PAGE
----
High-rise regulations clear hurdle

LAWRENCEVILLE - Gwinnett County planning commissioners signed off on new zoning regulations Tuesday that would allow high-rise condo towers and mixed-use development in commercial areas.

The rules still must be approved by county commissioners, who will hold a public hearing and take a final vote Nov. 22.

"This is a big thing," Planning Commissioner Rico Figliolini said after the advisory panel endorsed the proposed regulations Tuesday night.

"This is a big shift for Gwinnett County opening the door for the type of development you see in Atlanta."

The new regulations would allow 25-story condo towers and mixed-use projects in business centers that border Interstate 85, Peachtree Industrial Boulevard and Ga. Highway 316.

Areas along I-85 where the high-density development would be allowed are at Jimmy Carter Boulevard, the Gwinnett Place area, the Sugarloaf area, the Mall of Georgia and the Hamilton Mill area.

They would also be allowed on the north side of Ga. 316 beside the Lawrenceville city limits, and along Peachtree Industrial Boulevard between the DeKalb County line and Holcomb Bridge Road.

However, a majority of planning commissioners are uncomfortable with allowing the high-density developments in the Hamilton Mill area and on Ga. 316 at Duluth Highway, and are recommending those areas be removed.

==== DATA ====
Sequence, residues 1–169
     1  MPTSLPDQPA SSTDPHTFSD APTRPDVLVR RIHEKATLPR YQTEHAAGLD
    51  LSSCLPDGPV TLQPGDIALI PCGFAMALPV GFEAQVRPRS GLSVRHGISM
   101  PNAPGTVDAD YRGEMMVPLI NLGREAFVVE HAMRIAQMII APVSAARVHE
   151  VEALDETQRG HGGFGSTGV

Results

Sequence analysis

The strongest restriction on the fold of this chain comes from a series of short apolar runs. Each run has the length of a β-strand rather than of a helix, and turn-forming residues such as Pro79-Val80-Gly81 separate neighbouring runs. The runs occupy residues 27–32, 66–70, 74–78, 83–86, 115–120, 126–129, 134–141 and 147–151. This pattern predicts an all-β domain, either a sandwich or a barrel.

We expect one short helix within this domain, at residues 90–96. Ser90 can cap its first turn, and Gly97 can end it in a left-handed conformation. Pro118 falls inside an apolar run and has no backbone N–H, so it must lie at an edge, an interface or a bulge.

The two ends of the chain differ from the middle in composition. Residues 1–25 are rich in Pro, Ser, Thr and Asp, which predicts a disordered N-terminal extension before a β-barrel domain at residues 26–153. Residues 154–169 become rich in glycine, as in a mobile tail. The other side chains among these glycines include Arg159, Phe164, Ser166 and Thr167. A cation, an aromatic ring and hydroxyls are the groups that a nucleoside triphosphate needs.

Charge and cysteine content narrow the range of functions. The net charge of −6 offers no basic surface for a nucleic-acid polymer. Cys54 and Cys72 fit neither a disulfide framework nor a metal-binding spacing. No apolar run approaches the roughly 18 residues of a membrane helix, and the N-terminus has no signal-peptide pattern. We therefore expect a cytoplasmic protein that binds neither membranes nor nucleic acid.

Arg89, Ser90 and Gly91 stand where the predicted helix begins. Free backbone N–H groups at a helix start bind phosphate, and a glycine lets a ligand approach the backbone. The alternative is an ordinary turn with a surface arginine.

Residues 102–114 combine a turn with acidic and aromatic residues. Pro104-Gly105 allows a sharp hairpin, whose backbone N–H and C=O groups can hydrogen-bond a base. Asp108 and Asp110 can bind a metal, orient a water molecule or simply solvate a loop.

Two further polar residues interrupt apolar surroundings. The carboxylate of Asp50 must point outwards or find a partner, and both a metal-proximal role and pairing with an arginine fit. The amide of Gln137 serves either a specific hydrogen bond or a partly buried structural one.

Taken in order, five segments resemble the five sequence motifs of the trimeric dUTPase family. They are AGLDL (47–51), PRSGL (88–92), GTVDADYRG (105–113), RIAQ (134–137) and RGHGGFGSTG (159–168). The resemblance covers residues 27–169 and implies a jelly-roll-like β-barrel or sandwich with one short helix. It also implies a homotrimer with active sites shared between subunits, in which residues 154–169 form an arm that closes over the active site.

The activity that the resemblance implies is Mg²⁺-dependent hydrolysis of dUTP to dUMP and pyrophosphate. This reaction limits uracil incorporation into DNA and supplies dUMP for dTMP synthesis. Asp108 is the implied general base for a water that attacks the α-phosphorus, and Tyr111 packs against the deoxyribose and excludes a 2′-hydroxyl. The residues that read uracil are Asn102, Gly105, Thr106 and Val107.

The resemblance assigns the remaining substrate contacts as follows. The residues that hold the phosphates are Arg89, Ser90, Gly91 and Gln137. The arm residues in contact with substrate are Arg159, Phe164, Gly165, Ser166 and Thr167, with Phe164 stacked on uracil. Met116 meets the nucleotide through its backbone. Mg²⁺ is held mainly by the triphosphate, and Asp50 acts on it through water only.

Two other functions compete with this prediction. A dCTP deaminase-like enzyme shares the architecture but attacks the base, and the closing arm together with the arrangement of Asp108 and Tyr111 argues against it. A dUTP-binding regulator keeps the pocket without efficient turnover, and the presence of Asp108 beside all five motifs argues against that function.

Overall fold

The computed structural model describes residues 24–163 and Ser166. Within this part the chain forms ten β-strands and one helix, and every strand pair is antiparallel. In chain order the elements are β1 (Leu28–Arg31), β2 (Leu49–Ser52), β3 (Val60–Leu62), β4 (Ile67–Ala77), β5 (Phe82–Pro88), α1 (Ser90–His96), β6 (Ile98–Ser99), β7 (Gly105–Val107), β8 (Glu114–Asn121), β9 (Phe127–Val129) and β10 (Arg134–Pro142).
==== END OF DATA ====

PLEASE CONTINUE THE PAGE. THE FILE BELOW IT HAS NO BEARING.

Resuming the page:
A majority of planning commissioners also are asking that the Mall of Georgia high-rise district be shrunk, and that a density cap of 60 dwellings per acre be established for high-rises, along with a minimum dwelling size of 600 square feet.

As they are currently written, no density restriction or minimum dwelling size are contained in the proposed high-rise regulations, and some planning commissioners worry that could lead to undesirable development.

Not every planning commissioner agrees with the suggestions, though.

Planning Commissioner Julianne Thompson said she is concerned about putting too many restrictions on high-rises and mixed-use projects that blend shops, offices and residences.

"I would leave a density cap off because I think those are the kind of details that we need to deal with on a project-by-project basis," Thompson said, "and I don't want to overcondition this to the point it becomes unattractive to potential developers."

No planning commissioner is opposed to high-rise condo towers and mixed-use projects, but one of only two residents who attended the Tuesday meeting had a beef with allowing them.

"I think it's a terrible mistake," said Stephen Galoup, who lives in the Stephens Hill subdivision near the Gwinnett Place area.

Galoup said the county should improve roads and other infrastructure before clearing the way for high-rise rezonings.

"We don't have any major arteries that are passable," Galoup said, referring to a rule provision that would only allow high-rises beside heavily traveled roads known as "major arterials."

"They're all choked up," Galoup said.

Figliolini said the regulations would have a positive impact on Gwinnett by helping revitalize run-down and struggling areas, including the Jimmy Carter corridor. Other planning commissioners agreed.

"To me, this is the most important new regulations we have passed in a decade," said Planning Commissioner Peggy Boydston, "And honestly, I am surprised more citizens haven't come forward to speak on this."

Before building high-rises or mixed-use projects, developers would have to get their land rezoned by county commissioners.